Pasteurizing milk kills off all bacteria, including the health-giving lactobacilli. This allows milk to putrefy with bad bacteria over time, rather than sour or ferment from good lactobacilli. Pasteurization also destroys vitamins, especially C, B6 and B12, and denatures fragile milk proteins. It destroys 20% of the iodine, and makes insoluble the major part of the calcium content."

May 31, 2017 - Linda Melos, ND 



Raw Milk Facts, a website advocating raw milk consumption, wrote in an article titled "The Health Benefits of Raw Milk" (accessed May 31, 2017):

"Clean raw milk from pastured cows is a complete and properly balanced food... About 80% of the proteins in milk are caseins - reasonably heat stable but easy to digest. The remaining 20% or so fall into the class of whey proteins, many of which have important physiological effects (bioactivity). Also easy to digest, but very heat sensitive, these include key enzymes (specialized proteins) and enzyme inhibitors, immunoglobulins (antibodies), metal-binding proteins, vitamin binding proteins and several growth factors... Studies have shown significant loss of these important disease fighters when milk is heated to normal processing temperatures...

Lactose, or milk sugar, is the primary carbohydrate in cow's milk. Made from one molecule each of the simple sugars glucose and galactose, it's known as a disaccharide. People with lactose intolerance for one reason or another (age, genetics, etc.), no longer make the enzyme lactase and so can't digest milk sugar. This leads to some unsavory symptoms, which, needless to say, the victims find rather unpleasant at best. Raw milk, with its lactose-digesting Lactobacilli bacteria intact, may allow people who traditionally have avoided milk to give it another try."

May 31, 2017 - Raw-milk-facts.com 



The Weston A. Price Foundation's Campaign for Real Milk explains in the article "What Is Real Milk?," available on its website (accessed Aug. 15, 2011):

"Pasteurization destroys enzymes, diminishes vitamin content, denatures fragile milk proteins, destroys vitamins C, B12 and B6, kills beneficial bacteria, promotes pathogens and is associated with allergies, increased tooth decay, colic in infants, growth problems in children, osteoporosis, arthritis, heart disease and cancer...

Pasteurization was instituted in the 1920s to combat TB [tuberculosis], infant diarrhea, undulant fever and other diseases caused by poor animal nutrition and dirty production methods. But times have changed and modern stainless steel tanks, milking machines, refrigerated trucks and inspection methods make pasteurization absolutely unnecessary for public protection."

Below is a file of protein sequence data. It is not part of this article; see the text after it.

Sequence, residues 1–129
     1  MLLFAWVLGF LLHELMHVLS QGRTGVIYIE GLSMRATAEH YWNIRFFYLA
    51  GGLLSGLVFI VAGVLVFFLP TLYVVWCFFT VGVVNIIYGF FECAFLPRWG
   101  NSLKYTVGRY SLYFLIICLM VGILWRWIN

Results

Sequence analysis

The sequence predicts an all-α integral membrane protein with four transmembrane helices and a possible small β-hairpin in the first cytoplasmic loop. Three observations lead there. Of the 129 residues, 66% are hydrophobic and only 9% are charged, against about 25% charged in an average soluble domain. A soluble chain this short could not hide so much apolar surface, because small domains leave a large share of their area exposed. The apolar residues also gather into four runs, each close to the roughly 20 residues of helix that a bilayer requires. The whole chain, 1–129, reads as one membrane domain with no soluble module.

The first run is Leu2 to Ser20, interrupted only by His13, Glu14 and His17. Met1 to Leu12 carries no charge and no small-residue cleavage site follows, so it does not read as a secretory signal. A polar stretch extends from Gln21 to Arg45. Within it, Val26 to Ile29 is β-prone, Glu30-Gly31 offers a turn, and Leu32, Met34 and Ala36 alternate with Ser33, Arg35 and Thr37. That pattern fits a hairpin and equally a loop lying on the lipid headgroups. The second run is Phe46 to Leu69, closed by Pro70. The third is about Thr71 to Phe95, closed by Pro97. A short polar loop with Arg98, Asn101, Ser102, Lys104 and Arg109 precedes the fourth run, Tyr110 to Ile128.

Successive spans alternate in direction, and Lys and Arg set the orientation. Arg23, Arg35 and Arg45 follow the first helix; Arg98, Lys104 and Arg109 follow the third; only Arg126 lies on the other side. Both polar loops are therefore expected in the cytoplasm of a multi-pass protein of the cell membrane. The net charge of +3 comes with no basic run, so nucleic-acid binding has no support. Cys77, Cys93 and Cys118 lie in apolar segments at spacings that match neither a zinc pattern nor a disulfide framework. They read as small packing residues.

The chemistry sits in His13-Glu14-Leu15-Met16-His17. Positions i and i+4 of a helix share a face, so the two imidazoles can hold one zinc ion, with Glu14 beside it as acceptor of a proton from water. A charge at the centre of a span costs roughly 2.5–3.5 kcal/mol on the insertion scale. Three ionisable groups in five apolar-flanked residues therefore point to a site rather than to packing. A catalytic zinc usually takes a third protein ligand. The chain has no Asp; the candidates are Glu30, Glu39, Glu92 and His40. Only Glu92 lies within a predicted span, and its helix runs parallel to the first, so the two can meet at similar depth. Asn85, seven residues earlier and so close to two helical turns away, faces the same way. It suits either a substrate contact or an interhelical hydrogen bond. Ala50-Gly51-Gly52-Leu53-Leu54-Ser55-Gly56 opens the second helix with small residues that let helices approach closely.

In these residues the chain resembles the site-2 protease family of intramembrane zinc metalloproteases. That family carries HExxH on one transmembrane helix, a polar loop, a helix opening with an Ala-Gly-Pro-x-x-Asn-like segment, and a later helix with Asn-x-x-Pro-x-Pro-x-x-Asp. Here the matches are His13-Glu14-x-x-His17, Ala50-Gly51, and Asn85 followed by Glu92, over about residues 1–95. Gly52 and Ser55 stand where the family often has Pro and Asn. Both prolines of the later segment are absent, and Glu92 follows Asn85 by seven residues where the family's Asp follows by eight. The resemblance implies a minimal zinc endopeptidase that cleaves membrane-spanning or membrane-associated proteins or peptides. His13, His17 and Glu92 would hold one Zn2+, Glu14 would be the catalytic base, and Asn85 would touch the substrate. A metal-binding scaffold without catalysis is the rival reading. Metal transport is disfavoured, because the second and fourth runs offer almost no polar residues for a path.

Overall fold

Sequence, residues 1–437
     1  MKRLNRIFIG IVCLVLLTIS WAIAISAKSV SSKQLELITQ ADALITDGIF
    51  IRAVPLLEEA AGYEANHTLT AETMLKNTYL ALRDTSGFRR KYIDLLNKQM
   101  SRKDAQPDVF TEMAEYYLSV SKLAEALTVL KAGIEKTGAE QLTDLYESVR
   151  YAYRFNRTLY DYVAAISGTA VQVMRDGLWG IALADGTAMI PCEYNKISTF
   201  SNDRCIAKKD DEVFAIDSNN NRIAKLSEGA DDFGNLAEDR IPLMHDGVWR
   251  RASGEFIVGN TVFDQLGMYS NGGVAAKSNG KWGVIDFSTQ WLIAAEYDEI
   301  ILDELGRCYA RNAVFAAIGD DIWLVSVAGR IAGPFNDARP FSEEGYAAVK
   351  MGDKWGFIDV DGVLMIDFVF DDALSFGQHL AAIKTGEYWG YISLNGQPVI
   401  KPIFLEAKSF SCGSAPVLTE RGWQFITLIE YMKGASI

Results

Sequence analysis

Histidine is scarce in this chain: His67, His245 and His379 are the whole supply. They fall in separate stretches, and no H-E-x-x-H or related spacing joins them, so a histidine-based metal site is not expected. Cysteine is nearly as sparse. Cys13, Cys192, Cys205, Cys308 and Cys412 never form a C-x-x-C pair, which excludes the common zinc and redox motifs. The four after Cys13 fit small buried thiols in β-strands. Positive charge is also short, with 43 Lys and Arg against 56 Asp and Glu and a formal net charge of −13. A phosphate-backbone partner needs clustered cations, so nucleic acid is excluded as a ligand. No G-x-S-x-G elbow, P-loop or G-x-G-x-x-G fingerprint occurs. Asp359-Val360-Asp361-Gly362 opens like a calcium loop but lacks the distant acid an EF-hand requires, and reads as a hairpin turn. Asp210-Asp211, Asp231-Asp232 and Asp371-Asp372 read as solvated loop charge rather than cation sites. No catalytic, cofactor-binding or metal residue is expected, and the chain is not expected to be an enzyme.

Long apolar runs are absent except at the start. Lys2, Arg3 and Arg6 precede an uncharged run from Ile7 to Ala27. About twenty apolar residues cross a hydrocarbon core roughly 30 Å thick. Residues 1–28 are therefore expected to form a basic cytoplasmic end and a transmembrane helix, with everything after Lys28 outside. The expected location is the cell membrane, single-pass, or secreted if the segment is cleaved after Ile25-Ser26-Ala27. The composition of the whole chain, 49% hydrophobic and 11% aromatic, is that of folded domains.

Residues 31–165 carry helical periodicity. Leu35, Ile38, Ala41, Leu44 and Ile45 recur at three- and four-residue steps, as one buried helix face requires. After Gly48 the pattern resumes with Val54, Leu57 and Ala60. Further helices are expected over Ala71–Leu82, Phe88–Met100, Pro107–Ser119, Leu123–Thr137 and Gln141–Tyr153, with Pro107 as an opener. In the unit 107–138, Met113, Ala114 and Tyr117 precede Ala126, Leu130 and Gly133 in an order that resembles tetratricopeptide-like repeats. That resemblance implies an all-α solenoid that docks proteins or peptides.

Aug. 15, 2011 - Weston A. Price Foundation 



Theodore Beals, MD, former pathologist at the Veterans Administration Medical Center in Ann Arbor, MI, in the case of Organic Pastures v. State of California, provided the following testimony on Apr. 25, 2008, in support of raw cow's milk and against CA legislation (AB 1735) which regulated coliform levels in raw milk:

"Beneficial bacteria provide benefits in a number of ways…[o]ne of the ways that they provide benefit is by producing specific substances which kill other [harmful] bacteria. Another way that they are beneficial to people is that they inhibit the growth of other [harmful] bacteria indirectly rather than just simply killing them. Additionally, they have been shown -- beneficial bacteria have been shown to block the entrance of [harmful] bacteria into the body, therefore preventing the illness…

Prebiotic is a substance which when introduced to beneficial bacteria stimulates their growth or stimulates their beneficial activity. A probiotic is defined technically as bacteria, beneficial bacteria, which when added to a product or as a supplement provides those beneficial bacteria to the person that's drinking the milk. My personal take on this is it's obvious from the definitions that fresh market - raw market milk is in fact a prebiotic. It does stimulate beneficial organisms. And although not technically meeting the definition of a probiotic because it's not added, these beneficial bacteria that are present are natively present in [raw] milk."

Apr. 25, 2008 - Theodore Beals, MD 



The Organic Consumers Association stated the following in its May 7, 2010 press release "Cow on Boston Common 5-10-2010 for Raw Milk Drink-In," available at their website:

"Over three million Americans now prefer organic raw milk and raw milk dairy products over pasteurized milk because of its superior nutrition and disease fighting qualities and because it comes from small, local producers who pasture their dairy cows, rather than keeping them confined all day and all year in dairy feedlots on huge, disease-ridden factory farms."